The reproductive value hypothesis predicts that if residual reproductive value declines as a female ages, then young females should allocate less of available energy to current fecundity and more to future reproduction; whereas, older females should allocate more of available energy to current fecundity and less to future reproduction (i.e. survival). We test the prediction that older female Gambusia affinis exhibit higher levels of allocation to reproduction (i.e. fecundity) and consequently experience greater decline in escape performance (survival cost) during pregnancy compared to young females. Old females had relatively larger clutch wet masses and clutch wet mass increased more during pregnancy compared to young females. Correspondingly, old females exhibit a significant decline in escape velocity over the course of pregnancy; whereas young females show no change in escape velocity throughout pregnancy. Old females have higher escape velocities early in pregnancy and their performance only declines to about the level of performance of young females by the end of pregnancy. Thus, although old females exhibit a greater decline in performance they are better able to ameliorate the cost of decreased performance. © 2009 Oikos. Source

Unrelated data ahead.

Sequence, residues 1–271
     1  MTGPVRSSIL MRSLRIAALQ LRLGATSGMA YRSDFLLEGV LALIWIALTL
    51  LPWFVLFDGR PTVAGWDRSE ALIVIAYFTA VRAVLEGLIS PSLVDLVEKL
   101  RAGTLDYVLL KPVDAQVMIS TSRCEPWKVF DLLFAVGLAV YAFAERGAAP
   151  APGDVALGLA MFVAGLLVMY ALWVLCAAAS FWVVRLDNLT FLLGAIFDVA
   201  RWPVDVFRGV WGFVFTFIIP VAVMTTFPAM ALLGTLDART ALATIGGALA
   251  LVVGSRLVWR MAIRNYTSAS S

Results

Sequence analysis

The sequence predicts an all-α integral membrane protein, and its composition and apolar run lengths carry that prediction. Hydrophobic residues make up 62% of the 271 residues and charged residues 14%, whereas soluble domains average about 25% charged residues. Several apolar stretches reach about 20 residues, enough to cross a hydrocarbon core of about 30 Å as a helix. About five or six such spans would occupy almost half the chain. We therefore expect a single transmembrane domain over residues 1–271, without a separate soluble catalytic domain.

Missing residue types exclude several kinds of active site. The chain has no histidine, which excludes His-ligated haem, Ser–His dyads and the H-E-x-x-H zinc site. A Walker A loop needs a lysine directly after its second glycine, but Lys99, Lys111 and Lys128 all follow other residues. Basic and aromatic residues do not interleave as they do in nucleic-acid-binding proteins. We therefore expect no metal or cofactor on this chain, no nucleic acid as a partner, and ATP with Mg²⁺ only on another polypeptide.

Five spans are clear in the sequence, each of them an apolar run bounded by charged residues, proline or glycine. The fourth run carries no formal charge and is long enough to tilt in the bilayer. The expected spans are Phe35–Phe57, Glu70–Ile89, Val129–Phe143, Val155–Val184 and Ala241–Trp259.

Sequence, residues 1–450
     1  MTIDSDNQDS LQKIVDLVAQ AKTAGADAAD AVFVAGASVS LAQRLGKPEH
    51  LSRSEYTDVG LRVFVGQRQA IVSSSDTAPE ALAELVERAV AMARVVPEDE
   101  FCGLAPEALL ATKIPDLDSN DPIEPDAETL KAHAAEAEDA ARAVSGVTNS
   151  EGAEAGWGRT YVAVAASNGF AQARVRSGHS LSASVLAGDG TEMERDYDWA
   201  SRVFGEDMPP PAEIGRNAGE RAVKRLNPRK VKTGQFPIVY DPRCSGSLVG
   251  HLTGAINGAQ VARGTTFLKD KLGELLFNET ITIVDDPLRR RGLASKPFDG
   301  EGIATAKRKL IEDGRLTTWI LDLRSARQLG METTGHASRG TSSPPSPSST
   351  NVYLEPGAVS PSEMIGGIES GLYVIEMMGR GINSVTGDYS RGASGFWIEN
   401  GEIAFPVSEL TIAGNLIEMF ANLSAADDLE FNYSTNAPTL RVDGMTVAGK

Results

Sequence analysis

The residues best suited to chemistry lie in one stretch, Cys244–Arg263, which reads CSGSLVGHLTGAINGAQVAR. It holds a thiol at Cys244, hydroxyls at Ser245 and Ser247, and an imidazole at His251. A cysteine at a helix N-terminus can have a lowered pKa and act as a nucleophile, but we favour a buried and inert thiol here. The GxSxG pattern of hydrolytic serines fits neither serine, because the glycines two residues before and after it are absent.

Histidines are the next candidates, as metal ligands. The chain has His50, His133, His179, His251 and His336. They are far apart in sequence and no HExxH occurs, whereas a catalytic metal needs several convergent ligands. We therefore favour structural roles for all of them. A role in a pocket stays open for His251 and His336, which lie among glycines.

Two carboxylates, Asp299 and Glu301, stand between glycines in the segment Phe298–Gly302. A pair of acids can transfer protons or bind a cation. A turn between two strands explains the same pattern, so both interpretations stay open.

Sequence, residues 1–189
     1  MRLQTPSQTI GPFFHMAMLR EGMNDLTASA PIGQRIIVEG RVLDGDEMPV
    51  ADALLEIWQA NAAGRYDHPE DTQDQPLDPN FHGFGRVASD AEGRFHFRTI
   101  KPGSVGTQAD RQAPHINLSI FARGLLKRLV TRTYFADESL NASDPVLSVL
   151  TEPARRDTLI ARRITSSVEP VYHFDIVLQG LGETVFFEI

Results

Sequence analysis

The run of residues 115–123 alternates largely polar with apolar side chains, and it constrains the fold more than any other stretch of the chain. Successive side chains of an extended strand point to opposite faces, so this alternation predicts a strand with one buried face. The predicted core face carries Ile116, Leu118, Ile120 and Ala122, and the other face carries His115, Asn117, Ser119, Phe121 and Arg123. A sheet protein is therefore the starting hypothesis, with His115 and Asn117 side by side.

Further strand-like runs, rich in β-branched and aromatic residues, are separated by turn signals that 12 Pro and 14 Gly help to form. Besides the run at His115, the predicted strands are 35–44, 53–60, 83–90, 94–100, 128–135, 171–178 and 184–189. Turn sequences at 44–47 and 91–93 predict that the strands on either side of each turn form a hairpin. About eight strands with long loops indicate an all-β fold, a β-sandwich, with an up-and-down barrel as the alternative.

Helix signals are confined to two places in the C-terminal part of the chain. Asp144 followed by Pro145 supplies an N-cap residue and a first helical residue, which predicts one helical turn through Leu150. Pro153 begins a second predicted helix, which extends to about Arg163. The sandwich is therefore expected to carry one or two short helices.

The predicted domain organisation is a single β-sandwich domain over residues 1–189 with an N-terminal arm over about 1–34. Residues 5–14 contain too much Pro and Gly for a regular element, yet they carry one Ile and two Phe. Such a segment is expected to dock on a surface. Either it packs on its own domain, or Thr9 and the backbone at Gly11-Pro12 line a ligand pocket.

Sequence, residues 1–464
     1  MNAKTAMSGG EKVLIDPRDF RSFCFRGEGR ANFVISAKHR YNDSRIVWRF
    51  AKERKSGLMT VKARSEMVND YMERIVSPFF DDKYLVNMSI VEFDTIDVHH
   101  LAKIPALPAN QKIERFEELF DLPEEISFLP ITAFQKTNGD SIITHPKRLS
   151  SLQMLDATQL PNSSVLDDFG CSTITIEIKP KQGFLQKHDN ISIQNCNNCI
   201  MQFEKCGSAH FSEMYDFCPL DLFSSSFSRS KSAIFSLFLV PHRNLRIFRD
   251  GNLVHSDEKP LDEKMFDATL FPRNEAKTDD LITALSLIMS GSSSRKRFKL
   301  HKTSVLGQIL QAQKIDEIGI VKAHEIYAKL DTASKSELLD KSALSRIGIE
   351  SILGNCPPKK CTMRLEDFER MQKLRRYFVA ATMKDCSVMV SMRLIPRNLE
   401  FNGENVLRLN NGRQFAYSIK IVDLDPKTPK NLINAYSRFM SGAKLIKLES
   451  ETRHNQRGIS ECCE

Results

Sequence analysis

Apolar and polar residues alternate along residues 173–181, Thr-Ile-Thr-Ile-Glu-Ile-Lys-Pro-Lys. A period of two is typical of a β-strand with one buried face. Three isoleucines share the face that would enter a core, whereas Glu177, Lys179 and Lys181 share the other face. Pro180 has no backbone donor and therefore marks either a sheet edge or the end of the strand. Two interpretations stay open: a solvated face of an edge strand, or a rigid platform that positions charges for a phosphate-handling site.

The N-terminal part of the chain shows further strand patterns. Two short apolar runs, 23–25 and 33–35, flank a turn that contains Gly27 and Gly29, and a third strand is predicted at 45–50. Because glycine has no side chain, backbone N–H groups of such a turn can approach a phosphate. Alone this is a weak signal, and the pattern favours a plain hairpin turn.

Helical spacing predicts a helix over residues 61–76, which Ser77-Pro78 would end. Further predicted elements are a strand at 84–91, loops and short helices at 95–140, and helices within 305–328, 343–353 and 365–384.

Todd B.D.,University of California at Davis | Scott D.E.,Savannah River Ecology Laboratory | Pechmann J.H.K.,Western Carolina University | Whitfield Gibbons J.,University of California at Davis
Proceedings of the Royal Society B: Biological Sciences